The volcano de Fire, one of the three assets in Guatemala, initiated a strong eruptive phase with explosions, ash expulsion and avalanches of incandescent material, although without causing evacuations at the moment, the authorities announced.
"The activity that is being recorded at this time corresponds to the beginning of a rash of a stonbolian nature [mixture of explosions and lava flows] or mostly effusive," Emilio Barillas, spokesman for the state Institute of Volcanology (Insivumeh).
The eruption caused the decline of ardent volcanic material (pyroclastic flow), the main six kilometers long by a ravine of the southwest flank that reached the base of the volcano, the official added.
The Volcano de Fire, 3,763 meters high and located 35 km southwest of Guatemala City, is erected among the provinces of Escuintla, Sacatepéquez and Chimaltenango and is one of the three colossible assets in Guatemala with Pacaya (South) and Santiaguito (West).
Barillas explained that the new eruptive phase is the strongest registered since June 3, 2018, when a powerful eruption provoked an avalanche that devastated the San Miguel community the lots and part of a road in the neighboring town of Alotenango, leaving 215 dead and a similar figure of missing.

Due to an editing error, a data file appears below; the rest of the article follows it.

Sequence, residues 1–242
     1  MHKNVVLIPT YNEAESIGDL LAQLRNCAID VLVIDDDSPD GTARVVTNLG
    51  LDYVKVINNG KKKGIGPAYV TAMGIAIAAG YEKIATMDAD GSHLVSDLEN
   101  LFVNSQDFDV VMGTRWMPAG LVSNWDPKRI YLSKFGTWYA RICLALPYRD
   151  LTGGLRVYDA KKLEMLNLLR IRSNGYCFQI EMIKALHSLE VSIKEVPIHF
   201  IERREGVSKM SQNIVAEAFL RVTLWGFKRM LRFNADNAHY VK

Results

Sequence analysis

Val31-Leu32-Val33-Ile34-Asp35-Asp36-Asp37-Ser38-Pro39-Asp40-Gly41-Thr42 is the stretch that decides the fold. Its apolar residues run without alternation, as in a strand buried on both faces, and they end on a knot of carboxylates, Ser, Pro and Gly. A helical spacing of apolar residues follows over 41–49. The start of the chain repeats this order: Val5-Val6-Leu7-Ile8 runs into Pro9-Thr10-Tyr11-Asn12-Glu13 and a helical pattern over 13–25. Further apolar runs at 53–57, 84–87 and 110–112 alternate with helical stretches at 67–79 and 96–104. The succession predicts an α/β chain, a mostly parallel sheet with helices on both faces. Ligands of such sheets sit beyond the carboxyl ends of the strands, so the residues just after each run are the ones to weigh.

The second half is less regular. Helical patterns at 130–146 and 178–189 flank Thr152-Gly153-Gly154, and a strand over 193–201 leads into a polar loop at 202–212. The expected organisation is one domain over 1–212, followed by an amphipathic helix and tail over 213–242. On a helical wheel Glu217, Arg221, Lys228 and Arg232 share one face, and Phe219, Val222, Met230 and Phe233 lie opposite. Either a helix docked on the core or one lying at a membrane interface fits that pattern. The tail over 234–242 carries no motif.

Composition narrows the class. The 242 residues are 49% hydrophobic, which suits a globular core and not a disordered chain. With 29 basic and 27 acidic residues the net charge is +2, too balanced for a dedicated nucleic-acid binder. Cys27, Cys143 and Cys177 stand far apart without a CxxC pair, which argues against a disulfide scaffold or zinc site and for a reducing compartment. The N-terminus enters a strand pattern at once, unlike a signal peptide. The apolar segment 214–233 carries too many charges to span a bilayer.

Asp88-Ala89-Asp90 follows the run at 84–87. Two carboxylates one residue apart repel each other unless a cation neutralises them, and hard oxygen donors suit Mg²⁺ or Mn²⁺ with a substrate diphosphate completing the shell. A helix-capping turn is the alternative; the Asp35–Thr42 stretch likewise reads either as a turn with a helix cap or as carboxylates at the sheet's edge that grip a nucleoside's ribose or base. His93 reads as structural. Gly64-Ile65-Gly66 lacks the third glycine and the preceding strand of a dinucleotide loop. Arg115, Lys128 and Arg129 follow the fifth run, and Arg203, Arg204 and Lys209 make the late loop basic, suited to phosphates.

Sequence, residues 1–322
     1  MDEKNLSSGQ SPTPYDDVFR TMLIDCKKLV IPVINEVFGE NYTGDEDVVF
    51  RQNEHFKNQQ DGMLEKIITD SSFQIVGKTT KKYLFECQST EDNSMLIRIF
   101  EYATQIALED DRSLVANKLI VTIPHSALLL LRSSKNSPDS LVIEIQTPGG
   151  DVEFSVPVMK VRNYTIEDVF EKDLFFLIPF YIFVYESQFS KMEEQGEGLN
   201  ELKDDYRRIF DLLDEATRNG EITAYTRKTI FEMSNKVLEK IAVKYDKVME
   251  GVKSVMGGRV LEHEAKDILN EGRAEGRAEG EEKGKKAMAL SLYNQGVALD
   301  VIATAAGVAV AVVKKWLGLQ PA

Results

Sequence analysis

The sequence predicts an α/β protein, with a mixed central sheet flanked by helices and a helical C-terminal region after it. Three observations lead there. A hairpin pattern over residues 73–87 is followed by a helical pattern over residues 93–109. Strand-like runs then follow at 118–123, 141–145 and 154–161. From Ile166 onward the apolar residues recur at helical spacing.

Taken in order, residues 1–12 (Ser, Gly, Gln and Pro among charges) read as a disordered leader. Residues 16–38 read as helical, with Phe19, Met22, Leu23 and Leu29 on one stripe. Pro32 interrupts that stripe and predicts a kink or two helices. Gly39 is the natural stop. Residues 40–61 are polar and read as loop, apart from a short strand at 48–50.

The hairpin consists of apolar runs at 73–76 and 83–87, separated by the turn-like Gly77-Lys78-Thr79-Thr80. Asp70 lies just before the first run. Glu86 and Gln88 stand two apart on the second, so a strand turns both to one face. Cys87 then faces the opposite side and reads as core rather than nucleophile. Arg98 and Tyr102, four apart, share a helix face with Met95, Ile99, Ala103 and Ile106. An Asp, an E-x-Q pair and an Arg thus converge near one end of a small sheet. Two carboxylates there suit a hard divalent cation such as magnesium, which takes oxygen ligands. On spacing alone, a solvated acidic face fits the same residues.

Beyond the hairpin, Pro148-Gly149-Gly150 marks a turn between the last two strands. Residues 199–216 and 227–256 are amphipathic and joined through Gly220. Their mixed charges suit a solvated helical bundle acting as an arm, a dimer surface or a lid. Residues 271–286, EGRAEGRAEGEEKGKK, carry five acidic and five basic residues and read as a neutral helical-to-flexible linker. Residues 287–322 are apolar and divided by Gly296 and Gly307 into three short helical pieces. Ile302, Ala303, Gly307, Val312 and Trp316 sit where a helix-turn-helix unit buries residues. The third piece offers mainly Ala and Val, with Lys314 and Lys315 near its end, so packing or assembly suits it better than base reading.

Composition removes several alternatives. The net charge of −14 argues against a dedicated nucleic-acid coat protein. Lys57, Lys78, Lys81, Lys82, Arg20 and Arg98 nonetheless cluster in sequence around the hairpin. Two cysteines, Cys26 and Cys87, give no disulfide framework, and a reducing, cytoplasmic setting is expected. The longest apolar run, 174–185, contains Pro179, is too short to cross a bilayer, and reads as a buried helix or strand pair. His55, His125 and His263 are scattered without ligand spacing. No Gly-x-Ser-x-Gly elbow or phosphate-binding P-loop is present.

The National Coordinator for Disaster Reduction (CONRED), an entity in charge of civil protection, noted that they have reported ash rain in the Panimacha I and II, Morelia, El Porvenir, Santa Sophia and Blood of Christ of the Municipality of San Pedro Yepocapa, Chimaltenango, as well as in the urban area of the town settled on the western skirts of the volcano.
"At the moment, no evacuation processes have been implemented, however, the territorial authorities maintain the actions [surveillance] in the surveillance areas," said David de León, spokesman La Conred.
The mayor of the city of Escuintla, Abraham Rivera, requested the neighbors of the areas near the volcano to avoid approaching the natural ravines where the pyroclastic flows descend and alerted the risk that the rains comply with the situation before the possibility of the decline of Lahares (mud) that could leave several villages incommunicado.
On September 11, the National Institute of Forensic Sciences of Guatemala (INACIF) gave his relatives the remains of 14 people who died buried during the eruption of fire in 2018.
The INACIF has an pending identifying 137 fragments of human bones recovered in that tragedy, but the authorities pointed out that the process is difficult because the heat destroyed vital genetic material.Updated Date: 24 September 2021, 05:00